Growth Rates of Income Per Capita (%)

    1990-2050 1990-2100

Region 1950-1990  A1 A2 B1 B2 A1 A2 B1 B2

OECD90
2.8
1.6
(1.2-1.8)
1.1
(0.8-1.6)
1.5
(1.2-1.6)
1.2
(1.0-1.4)
1.6
(1.2-1.7)
1.1
(0.8-1.2)
1.2
(1.2-1.3)
1.1
(0.9-1.3)
REF
3.7
4.0
(2.8-4.5)
1.9
(0.5-2.2)
3.0
(2.7-3.6)
3.0
(1.9-3.3)
3.3
(2.5-3.4)
2.0
(1.5-2.0)
2.8
(2.6-2.8)
2.4
(1.6-2.6)
IND
2.9
2.0
(1.3-2.1))
1.2
(0.8-1.8)
1.7
(1.5-1.8)
1.4
(1.1-1.6)
1.9
(1.3-2.0)
1.2
(0.9-1.4)
1.5
(1.4-1.5)
1.2
(1.0-1.4)
ASIA
4.4
5.5
(5.1-5.9)
2.7
(2.7-3.6)
4.8
(4.6-5.5)
4.7
(3.3-4.8)
4.4
(3.9-4.7)
2.5
(2.4-2.9)
3.9
(3.8-4.2)
3.3
(3.1-3.4)
ALM
1.6

4.0
(3.5-4.4)

1.9
(1.7-2.2)
3.5
(3.1-3.9)
2.4
(1.7-2.7)
3.3
(3.1-3.5)
1.9
(1.8-2.1)
3.0
(2.8-3.2)
2.1
(1.9-2.5)
DEV
2.7
4.9
(4.4-5.2)
2.4
(2.3-3.0)

4.2
(3.9-4.8)

3.8
(2.5-3.9)
4.0
(3.6-4.1)
2.2
(2.2-2.6)
3.5
(3.4-3.7)
2.8
(2.6-3.0)
WORLD
2.2
2.8
(2.2-2.9)
1.1
(0.7-1.5)
2.3
(2.1-2.6)
1.8
(1.1-1.9)
2.7
(2.2-2.8)
1.3
(1.3-1.5)
2.2
(2.2-2.4)
1.6
(1.4-1.7)



Important differences remain between models in terms of 1990 base-year data on economic activity levels. Even after differences in regional definitions are accounted for, 1990 regional GDP differences between models range up to 32% in a few cases. Such differences are particularly pronounced for developing countries, where in many cases national currencies are not freely convertible and thus important uncertainties on the applicable conversion rates remain (World Bank, 1999). Differences for OECD countries are much smaller (3% across the models) and because of their current dominance in global economic activity (and counterbalancing effects), 1990 global GDP numbers agree well across the models (5%). Scenario comparisons, especially at the regional level, are therefore best based on a comparison of growth rates (see Chapter 2), and the SRES scenarios are no exception.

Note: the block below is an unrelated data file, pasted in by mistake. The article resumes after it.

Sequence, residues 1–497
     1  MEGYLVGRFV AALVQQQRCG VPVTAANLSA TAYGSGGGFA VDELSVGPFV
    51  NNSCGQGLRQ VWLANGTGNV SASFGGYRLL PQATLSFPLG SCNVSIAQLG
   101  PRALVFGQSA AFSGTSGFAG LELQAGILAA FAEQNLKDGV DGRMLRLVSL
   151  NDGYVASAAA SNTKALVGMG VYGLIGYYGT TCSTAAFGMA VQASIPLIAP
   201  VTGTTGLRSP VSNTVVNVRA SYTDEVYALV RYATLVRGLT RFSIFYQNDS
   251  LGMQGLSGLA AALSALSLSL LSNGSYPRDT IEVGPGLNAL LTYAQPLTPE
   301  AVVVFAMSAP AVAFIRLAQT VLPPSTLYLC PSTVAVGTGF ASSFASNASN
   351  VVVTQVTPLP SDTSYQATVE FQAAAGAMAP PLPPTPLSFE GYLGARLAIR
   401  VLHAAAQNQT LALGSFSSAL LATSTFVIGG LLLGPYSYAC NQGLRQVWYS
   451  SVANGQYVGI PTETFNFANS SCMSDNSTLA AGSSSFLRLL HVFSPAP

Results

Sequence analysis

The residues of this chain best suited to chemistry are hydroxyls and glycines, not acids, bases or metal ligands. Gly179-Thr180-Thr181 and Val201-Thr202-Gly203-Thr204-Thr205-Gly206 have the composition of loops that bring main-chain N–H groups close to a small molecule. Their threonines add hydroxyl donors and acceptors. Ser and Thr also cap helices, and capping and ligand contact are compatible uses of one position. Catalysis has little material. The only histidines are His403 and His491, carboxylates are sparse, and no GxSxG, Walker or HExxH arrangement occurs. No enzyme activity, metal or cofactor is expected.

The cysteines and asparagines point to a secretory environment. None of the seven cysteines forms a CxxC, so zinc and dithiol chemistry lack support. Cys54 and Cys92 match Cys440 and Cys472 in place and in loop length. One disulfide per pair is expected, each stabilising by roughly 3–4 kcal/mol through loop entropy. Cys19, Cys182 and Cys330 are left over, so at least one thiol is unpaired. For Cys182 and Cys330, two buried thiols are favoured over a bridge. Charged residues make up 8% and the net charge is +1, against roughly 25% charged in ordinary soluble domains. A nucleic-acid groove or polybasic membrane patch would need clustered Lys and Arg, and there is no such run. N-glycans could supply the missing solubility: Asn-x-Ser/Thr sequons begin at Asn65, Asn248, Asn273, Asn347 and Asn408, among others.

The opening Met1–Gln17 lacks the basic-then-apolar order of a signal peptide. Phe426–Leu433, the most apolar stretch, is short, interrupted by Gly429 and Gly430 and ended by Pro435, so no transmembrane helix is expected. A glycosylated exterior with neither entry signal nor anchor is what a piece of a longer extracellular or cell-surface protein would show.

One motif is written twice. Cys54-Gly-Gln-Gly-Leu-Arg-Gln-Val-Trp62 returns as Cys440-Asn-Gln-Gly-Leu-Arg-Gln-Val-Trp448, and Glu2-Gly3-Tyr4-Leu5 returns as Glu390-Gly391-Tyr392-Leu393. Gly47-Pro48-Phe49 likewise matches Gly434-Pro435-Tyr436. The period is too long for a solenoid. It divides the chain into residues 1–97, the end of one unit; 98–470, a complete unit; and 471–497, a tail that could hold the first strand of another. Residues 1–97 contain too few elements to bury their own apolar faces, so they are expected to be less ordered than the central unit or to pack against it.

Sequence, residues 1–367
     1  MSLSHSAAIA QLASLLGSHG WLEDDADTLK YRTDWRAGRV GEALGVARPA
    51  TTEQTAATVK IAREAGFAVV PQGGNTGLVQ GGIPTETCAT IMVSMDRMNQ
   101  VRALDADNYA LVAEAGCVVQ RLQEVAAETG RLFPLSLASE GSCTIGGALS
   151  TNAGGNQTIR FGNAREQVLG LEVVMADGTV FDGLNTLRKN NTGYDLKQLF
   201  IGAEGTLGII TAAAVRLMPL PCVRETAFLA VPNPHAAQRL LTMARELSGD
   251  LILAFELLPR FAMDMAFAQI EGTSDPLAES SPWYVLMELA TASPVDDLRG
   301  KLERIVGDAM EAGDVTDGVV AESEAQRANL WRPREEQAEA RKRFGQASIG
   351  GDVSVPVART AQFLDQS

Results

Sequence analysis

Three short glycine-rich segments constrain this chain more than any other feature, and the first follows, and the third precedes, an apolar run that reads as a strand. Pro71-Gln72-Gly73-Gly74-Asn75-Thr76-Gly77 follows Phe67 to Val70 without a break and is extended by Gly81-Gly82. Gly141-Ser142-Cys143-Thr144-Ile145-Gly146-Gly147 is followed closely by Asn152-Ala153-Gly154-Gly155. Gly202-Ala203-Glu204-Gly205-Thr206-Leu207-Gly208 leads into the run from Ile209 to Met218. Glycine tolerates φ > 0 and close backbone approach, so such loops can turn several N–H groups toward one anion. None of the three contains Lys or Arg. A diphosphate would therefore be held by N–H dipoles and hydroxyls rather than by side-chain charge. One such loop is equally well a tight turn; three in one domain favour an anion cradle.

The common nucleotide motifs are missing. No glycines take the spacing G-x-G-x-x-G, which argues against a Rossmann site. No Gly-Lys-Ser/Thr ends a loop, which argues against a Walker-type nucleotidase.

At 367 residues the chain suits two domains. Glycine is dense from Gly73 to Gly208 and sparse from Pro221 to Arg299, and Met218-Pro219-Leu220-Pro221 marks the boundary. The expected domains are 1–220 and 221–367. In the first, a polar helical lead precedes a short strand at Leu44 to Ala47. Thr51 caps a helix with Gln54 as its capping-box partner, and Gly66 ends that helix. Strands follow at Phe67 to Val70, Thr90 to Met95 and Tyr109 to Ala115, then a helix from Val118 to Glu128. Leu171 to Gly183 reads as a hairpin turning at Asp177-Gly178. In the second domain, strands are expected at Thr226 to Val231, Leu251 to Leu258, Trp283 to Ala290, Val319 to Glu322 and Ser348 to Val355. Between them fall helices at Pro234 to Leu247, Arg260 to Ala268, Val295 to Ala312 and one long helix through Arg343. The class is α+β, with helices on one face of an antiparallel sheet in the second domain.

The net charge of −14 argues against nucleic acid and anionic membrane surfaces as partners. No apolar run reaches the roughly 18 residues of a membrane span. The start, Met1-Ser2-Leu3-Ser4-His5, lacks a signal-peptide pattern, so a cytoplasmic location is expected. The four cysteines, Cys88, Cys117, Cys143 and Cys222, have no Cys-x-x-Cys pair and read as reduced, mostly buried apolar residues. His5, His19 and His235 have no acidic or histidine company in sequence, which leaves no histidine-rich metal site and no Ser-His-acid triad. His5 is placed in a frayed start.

Historical data indicate that, even though the process of economic growth is heterogeneous across countries and over time, the patterns of growth show certain similarities. Economic "catch-up" follows a general dynamic pattern, characterized by initially accelerating economic growth rates that pass through a maximum, and decline once the industrial base of an economy becomes established. This overall feature of growth dynamics is reflected in all the SRES scenarios, albeit timing and magnitude vary across the four scenario families. This variation reflects the scenario-specific storylines, as well as particular relationships to other driving-force variables, such as demographics, described in the scenario.